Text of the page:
Insurance coverage of drug resistance testing: In New York State, health plans may impose annual limits on the number of resistance tests that can be performed for a given patient, and some plans may require prior authorization. Refer to the patient’s specific insurance plan regarding frequency, annual limits, and whether prior authorization is required for any genotypic and phenotypic HIV resistance tests.
Genotypic and Phenotypic Resistance Assays
Sanger and next-generation sequencing: Genotypic resistance assays directly sequence the protein coding regions of genes for viral reverse transcriptase, protease, and integrase. The mutations identified via genotyping are compared with a list of mutations that are known to confer resistance to current antiretroviral medications (ARVs), generating a list of ARVs that are likely to remain active against virus versus those to which resistance is likely.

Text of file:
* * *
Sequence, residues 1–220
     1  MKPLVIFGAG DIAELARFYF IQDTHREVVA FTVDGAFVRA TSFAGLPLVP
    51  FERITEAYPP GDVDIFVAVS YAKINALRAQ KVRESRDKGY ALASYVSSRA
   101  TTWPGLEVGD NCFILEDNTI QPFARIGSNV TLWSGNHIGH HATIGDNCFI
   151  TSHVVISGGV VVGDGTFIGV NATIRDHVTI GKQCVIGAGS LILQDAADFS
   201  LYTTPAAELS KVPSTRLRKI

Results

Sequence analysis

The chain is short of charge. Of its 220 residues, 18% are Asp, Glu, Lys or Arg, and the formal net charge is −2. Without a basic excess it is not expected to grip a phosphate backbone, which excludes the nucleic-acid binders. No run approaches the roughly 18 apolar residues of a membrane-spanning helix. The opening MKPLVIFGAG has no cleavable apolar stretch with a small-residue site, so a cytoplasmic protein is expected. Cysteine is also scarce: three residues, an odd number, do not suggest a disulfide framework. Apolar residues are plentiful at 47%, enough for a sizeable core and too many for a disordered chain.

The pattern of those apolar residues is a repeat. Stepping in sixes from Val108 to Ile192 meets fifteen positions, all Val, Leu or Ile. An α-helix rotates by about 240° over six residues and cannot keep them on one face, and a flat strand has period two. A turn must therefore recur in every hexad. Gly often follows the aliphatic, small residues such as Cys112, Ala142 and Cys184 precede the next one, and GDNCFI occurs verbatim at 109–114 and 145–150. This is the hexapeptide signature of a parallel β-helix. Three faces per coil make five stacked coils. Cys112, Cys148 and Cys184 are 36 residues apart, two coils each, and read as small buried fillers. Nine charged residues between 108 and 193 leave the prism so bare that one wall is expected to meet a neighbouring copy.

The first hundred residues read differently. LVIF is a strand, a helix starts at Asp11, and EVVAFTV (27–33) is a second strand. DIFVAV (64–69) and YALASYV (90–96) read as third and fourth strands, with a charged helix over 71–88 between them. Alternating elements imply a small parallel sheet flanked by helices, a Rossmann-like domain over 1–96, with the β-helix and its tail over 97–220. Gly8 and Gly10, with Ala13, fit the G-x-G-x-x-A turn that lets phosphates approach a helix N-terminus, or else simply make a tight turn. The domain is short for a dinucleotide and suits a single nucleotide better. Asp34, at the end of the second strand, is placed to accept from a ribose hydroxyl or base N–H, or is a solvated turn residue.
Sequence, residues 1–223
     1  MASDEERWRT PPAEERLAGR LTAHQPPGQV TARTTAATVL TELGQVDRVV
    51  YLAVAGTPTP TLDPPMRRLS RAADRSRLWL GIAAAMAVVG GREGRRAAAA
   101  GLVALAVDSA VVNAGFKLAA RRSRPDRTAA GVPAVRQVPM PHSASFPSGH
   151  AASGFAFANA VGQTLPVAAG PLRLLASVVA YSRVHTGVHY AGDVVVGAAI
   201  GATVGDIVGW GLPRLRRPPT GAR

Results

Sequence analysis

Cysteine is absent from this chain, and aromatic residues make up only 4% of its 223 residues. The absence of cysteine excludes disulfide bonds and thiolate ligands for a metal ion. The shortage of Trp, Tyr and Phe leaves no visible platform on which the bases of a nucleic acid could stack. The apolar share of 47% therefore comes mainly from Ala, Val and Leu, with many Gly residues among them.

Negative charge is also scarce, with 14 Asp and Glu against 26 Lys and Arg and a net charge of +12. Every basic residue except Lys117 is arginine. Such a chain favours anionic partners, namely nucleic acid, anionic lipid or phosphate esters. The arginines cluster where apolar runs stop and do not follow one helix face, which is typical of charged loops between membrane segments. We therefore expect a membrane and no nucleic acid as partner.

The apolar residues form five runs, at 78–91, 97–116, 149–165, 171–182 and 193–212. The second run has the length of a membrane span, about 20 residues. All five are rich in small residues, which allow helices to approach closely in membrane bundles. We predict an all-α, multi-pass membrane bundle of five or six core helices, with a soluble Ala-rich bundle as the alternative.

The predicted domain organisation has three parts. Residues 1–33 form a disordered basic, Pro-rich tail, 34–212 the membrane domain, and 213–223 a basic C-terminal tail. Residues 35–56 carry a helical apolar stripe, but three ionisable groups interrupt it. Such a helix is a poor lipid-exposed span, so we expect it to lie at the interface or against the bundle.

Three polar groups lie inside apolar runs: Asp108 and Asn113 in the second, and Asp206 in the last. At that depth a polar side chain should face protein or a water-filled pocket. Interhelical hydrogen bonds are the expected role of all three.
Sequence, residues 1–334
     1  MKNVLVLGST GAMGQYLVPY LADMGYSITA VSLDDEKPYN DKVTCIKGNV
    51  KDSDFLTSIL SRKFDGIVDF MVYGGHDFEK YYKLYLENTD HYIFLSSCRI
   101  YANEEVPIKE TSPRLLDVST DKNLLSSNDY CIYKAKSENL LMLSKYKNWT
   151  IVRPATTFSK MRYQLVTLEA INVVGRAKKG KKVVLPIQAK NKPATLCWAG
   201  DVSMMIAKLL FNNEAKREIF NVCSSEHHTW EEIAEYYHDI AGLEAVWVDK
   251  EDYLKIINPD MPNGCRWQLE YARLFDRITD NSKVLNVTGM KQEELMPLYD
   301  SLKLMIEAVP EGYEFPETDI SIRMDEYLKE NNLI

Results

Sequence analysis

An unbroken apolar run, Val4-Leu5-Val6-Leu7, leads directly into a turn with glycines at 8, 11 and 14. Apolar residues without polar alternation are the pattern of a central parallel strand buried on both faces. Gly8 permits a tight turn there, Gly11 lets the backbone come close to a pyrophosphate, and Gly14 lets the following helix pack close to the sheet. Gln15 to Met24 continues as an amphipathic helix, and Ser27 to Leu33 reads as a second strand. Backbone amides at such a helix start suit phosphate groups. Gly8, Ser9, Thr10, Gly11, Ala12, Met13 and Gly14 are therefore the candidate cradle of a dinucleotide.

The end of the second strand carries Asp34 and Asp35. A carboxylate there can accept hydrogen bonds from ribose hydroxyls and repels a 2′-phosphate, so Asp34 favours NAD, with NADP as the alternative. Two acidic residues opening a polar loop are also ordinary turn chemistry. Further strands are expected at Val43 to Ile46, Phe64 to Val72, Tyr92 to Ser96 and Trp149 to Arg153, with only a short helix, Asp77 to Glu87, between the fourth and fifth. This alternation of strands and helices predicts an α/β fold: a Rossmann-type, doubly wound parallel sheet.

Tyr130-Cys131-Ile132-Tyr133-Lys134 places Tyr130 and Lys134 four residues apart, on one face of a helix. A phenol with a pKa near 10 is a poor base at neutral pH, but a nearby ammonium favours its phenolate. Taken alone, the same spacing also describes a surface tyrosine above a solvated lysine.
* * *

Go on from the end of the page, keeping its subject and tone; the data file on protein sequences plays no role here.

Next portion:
When interpreting resistance test results, it is important to include mutations from all prior resistance tests whenever available because these mutations are thought to be cumulative in most cases. The resources noted in the guideline section Determining HIV Drug Resistance may be helpful when interpreting genotypic resistance testing results, but consultation with an expert HIV care provider is also advised.
Currently, there are 2 methods for sequencing for genotypic drug resistance: